A playbook for weathering the storm – Part 1
Work pyjamas, bizarre dreams, conspiracy theories – life these days can sometimes seem surreal.
While there is no playbook that tells us how to navigate the complexities of a pandemic, theatre director Natalie Hennedige offers a suggestion – look to the arts.
The SIFA Festival Director Designate says: “This is a time where reflection is important, and art has a unique way of expanding the conversation. When we engage with art, we find ourselves connected, dialoguing, and vitally looking at a difficult situation from different angles.”
Life in a Cloud is her answer to her own advice – a digital playbook that follows seven Singaporean artists as they create in isolation.
Inspired by both the virtual and mental cloud cast over lives by the pandemic, Life in a Cloud unfolds in chapters, revealing one personal story every week since its premiere on 9 Aug. New York-based filmmaker Kirsten Tan launched the series with an interactive story, stripping down the art of filmmaking to its most essential – colour bars. By working with the bare minimum, Tan hopes this will “form the purest of connection”.
The weekly online series will feature six other artists from a range of disciplines, including dance, literary arts, theatre and visual arts. Hennedige hopes that the platform will bring together unique perspectives and ways of creating and offer a glimpse into the “intimate space of another’s creative potential.” In turn, she hopes it will remind others of their own creative potential and to tap into it during this time.
Here, in the first of a two-part series, we ask the artists of Life in a Cloud about making art and staying creative in this time.
For Santha Bhaskar, a choreographer and one of Singapore’s pioneers of Indian dance, her creation for Life in a Cloud was very much driven by emotion.
“Artists are emotional creatures,” she says. Disappointment, depression, anguish and anger were emotions she experienced during Singapore’s circuit breaker period, which she sought to express through her primary form of art – movement.
With the temporary cessation of live audience performances at arts venues, Bhaskar has had to grapple with digitising her art. “When performing on stage, you have freedom to use space, whereas in the digital world we have to rely on camera angles and editing to capture movements effectively,” she says.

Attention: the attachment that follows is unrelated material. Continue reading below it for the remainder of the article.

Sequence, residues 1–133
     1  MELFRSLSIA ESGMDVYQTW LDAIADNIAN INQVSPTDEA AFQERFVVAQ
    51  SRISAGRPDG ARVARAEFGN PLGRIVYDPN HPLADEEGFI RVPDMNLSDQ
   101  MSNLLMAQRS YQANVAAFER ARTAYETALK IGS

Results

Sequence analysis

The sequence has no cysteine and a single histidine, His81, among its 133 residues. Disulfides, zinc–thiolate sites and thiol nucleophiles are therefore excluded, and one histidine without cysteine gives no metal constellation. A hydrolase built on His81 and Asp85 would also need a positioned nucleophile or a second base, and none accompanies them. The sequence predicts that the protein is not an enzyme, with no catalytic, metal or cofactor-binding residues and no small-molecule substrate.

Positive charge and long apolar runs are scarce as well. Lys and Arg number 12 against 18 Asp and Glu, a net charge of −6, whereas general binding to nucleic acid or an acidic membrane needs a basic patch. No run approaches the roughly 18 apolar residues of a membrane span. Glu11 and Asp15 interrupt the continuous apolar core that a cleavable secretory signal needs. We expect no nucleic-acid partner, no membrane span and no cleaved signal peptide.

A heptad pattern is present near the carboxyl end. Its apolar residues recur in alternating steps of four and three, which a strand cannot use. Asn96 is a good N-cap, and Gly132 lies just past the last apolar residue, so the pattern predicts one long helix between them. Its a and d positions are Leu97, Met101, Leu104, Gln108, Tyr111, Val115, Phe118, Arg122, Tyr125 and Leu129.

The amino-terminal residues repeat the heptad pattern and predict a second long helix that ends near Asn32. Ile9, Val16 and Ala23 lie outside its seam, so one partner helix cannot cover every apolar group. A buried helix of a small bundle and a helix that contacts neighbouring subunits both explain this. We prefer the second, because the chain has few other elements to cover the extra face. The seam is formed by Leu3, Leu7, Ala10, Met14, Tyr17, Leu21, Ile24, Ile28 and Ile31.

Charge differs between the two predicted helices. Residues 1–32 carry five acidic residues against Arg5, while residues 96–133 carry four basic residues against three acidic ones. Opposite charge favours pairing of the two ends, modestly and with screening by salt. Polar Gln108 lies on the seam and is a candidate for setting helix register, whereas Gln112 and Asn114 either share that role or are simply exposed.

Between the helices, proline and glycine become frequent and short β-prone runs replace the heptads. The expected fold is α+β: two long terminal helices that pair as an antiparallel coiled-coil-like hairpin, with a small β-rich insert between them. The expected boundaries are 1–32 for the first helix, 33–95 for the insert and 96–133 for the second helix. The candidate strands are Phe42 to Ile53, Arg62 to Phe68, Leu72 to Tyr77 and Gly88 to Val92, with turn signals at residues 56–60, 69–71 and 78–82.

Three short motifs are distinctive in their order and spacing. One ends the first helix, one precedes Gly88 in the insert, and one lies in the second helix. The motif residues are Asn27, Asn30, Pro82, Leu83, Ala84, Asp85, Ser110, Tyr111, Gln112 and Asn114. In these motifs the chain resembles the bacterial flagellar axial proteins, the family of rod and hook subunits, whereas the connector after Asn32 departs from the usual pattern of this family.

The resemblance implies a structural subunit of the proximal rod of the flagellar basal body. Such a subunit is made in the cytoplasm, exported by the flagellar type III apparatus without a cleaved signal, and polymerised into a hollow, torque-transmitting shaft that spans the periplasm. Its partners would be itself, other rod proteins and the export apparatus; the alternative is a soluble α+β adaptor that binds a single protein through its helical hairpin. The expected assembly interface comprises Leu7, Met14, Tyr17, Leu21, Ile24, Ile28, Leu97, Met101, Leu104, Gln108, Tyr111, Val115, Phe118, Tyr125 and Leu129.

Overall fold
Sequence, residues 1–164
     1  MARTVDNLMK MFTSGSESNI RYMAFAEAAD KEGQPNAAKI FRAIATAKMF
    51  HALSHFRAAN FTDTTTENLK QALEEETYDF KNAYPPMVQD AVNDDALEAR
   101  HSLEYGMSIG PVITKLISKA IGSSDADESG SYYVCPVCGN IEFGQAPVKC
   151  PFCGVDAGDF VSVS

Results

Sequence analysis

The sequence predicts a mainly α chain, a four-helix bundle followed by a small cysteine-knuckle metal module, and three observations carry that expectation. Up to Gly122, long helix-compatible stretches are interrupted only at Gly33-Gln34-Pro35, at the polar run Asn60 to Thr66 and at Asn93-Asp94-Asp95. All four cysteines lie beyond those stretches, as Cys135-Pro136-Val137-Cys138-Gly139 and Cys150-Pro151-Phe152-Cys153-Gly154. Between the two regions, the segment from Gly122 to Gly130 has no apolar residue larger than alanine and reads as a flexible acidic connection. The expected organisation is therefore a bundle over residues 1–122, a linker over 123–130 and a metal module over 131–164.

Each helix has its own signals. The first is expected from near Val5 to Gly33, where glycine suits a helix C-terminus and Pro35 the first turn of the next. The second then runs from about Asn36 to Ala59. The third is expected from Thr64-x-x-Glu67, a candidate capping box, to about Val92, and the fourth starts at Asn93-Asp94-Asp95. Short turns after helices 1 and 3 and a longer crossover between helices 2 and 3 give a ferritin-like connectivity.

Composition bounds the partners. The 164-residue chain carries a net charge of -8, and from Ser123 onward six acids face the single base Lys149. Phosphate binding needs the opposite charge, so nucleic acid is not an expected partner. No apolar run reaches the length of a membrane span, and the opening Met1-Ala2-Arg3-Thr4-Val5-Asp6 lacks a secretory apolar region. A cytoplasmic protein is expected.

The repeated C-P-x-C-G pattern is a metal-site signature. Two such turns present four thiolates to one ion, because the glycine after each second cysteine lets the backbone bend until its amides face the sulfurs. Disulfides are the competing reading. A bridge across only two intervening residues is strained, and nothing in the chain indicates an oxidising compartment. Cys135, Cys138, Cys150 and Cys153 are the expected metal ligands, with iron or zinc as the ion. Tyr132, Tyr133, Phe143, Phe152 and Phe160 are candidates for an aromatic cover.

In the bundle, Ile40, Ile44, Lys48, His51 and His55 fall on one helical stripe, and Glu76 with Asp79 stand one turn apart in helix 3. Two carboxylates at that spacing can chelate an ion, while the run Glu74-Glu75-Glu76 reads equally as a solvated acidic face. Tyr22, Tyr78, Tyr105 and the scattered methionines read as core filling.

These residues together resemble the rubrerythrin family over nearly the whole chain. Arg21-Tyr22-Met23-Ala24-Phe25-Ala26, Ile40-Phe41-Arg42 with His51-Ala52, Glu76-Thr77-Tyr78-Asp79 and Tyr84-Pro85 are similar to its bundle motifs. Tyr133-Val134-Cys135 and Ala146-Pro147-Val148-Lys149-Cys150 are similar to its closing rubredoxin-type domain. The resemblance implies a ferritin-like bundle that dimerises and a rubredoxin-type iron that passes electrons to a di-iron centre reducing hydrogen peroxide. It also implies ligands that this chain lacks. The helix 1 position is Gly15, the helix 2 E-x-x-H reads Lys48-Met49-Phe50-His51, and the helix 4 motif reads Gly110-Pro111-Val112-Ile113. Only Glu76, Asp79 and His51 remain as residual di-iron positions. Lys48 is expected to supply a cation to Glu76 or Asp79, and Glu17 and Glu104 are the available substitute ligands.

Nonetheless, she believes in staying adaptable to keep art alive in disruptive times. And while she has questions about the future of art – whether technology will dominate, and the kinds of art that the next generation will make and appreciate, she is inspired to move forward. “These things push me to create differently and to continue my journey as an artist in this life.”
Inspired by the blurred line between dreams and reality, which many experienced during the circuit breaker earlier this year, artists Rizman Putra and Safuan Johari chose to reflect this state of liminality and uncertainty in the song they wrote for Life in a Cloud.
Like Bhaskar, the duo, who are also behind the visual arts and sound project NADA, has had to pick up new skills like storyboarding to continue making art in a time of safe distancing. They credit their resilient nature as artists with helping them pull through this period, teaching them patience and how to live life to the fullest. These personal lessons have also influenced their current work, which has taken on a more meditative approach.
“As performers, we miss the stage,” they say, in a joint statement. “But at the same time, it drives us to find new ways to create and present our works on new platforms, which is a good learning curve.”
Life in a Cloud is commissioned by the National Arts Council as part of #SGCultureAnywhere. Watch it here, and stay tuned for Part 2 of our Life in a Cloud artists feature next week.